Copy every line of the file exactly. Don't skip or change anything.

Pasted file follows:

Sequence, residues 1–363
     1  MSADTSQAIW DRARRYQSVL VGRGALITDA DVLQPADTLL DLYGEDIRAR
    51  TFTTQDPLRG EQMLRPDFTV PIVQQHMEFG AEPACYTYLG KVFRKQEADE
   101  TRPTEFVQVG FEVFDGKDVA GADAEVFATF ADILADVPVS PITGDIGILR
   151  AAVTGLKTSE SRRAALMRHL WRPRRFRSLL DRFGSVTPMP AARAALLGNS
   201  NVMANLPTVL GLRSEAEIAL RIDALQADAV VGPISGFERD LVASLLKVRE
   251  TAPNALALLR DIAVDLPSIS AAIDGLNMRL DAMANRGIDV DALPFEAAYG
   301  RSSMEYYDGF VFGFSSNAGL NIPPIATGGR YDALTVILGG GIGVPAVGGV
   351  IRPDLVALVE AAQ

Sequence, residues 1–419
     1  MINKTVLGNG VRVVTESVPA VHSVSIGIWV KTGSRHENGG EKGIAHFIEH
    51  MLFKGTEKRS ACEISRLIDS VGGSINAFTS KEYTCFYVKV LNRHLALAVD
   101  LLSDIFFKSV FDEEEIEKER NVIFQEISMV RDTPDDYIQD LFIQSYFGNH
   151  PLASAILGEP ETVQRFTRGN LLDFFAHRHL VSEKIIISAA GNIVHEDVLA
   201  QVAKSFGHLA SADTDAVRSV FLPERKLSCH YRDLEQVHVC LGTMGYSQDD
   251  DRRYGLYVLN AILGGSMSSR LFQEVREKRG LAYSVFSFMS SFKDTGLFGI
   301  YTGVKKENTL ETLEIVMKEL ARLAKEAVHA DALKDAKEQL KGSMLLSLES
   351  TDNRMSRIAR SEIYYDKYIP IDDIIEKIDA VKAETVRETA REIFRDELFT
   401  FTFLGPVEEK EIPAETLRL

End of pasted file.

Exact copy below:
Sequence, residues 1–363
     1  MSADTSQAIW DRARRYQSVL VGRGALITDA DVLQPADTLL DLYGEDIRAR
    51  TFTTQDPLRG EQMLRPDFTV PIVQQHMEFG AEPACYTYLG KVFRKQEADE
   101  TRPTEFVQVG FEVFDGKDVA GADAEVFATF ADILADVPVS PITGDIGILR
   151  AAVTGLKTSE SRRAALMRHL WRPRRFRSLL DRFGSVTPMP AARAALLGNS
   201  NVMANLPTVL GLRSEAEIAL RIDALQADAV VGPISGFERD LVASLLKVRE
   251  TAPNALALLR DIAVDLPSIS AAIDGLNMRL DAMANRGIDV DALPFEAAYG
   301  RSSMEYYDGF VFGFSSNAGL NIPPIATGGR YDALTVILGG GIGVPAVGGV
   351  IRPDLVALVE AAQ

Sequence, residues 1–419
     1  MINKTVLGNG VRVVTESVPA VHSVSIGIWV KTGSRHENGG EKGIAHFIEH
    51  MLFKGTEKRS ACEISRLIDS VGGSINAFTS KEYTCFYVKV LNRHLALAVD
   101  LLSDIFFKSV FDEEEIEKER NVIFQEISMV RDTPDDYIQD LFIQSYFGNH
   151  PLASAILGEP ETVQRFTRGN LLDFFAHRHL VSEKIIISAA GNIVHEDVLA
   201  QVAKSFGHLA SADTDAVRSV FLPERKLSCH YRDLEQVHVC LGTMGYSQDD
   251  DRRYGLYVLN AILGGSMSSR LFQEVREKRG LAYSVFSFMS SFKDTGLFGI
   301  YTGVKKENTL ETLEIVMKEL ARLAKEAVHA DALKDAKEQL KGSMLLSLES
   351  TDNRMSRIAR SEIYYDKYIP IDDIIEKIDA VKAETVRETA REIFRDELFT
   401  FTFLGPVEEK EIPAETLRL